ACOs increasingly turn to remote patient monitoring

More than half of accountable care organizations that responded to a recent survey from Menlo Park, Calif.-based Spyglass Consulting Group are using remote patient monitoring to manage high-risk chronically ill patients.

Most of the hospitals and health systems interviewed are or were in the process of becoming ACOs. Fifty-five percent of them said they had deployed or are evaluating remote-monitoring technology to reduce readmissions, to attain financial incentives related to chronic-disease management and care coordination, to increase self-management of disease.

Significant challenges remain, however, according to an announcement. Seventy-one percent of respondents expressed concern about integrating remote monitoring into clinical care processes and existing IT systems, including electronic health records. Fifty-eight percent were concerned that the technology does not provide adequate support for clinical analytics and decision support tools. And more than half questioned the clinical effectiveness of the technology and the ability to achieve a positive return on investment.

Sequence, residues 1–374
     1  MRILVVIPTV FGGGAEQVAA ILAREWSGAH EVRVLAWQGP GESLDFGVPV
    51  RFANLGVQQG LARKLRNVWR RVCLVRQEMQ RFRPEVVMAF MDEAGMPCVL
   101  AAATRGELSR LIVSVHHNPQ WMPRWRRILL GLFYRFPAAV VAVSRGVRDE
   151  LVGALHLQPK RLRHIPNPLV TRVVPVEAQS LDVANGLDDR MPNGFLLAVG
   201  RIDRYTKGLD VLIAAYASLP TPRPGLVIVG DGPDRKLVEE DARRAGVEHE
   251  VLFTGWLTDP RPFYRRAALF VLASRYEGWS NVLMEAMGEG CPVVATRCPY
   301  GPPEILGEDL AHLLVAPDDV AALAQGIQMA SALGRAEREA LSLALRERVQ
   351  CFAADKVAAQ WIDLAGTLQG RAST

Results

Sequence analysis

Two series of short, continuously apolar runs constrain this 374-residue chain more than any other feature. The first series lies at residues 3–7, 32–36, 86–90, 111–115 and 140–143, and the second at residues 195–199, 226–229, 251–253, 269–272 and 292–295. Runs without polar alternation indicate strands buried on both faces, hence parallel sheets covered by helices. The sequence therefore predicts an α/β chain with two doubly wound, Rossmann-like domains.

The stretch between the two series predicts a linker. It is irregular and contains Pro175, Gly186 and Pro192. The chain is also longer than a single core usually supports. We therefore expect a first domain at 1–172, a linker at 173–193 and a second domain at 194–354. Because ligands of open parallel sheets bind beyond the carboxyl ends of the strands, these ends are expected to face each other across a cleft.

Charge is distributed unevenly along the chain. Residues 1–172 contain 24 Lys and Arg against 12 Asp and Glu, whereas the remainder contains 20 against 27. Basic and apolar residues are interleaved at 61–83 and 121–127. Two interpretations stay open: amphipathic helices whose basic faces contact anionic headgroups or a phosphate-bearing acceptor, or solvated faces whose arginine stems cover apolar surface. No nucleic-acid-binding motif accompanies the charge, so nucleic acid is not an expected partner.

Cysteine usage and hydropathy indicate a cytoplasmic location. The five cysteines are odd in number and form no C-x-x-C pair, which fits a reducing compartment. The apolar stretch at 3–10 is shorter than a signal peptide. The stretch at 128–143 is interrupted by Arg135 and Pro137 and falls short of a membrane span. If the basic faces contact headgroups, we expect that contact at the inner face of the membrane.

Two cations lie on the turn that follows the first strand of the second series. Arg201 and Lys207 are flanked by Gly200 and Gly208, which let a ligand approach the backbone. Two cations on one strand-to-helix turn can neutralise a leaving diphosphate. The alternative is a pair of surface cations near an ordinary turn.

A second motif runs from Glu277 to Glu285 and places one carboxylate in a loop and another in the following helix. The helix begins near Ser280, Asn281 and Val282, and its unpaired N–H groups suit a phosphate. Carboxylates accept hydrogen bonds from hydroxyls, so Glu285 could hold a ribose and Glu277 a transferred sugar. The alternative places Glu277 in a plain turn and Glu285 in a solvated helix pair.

The survey follows similar Spyglass reports from 2009 and 2006, when one of the biggest issues was getting payers on board. To address that issue, the Center for Connected Health and the Center for Technology and Aging recently developed a Web-based tool to evaluate ROI on remote monitoring systems.

Participants in a National Health Policy Institute roundtable pointed to emerging technologies as one of three keys to success for ACOs--particularly technologies that increase patient involvement in their own care. Another was evidence-based care.

Brian Hodgkins, executive vice president of Heritage ACO--a pioneer ACO covering 90,000 beneficiaries in central and southern California--recently predicted that data and IT systems probably will be "the most strategic parts of any ACO," especially for understanding population management.

Teresa Younkin, who serves as community engagement lead for the Keystone Beacon Community Project, however, said technology isn't the sole answer.

"Allow partners to shape and align their use of technology with their organization goals," she said.

To learn more:
- find the announcement (.pdf)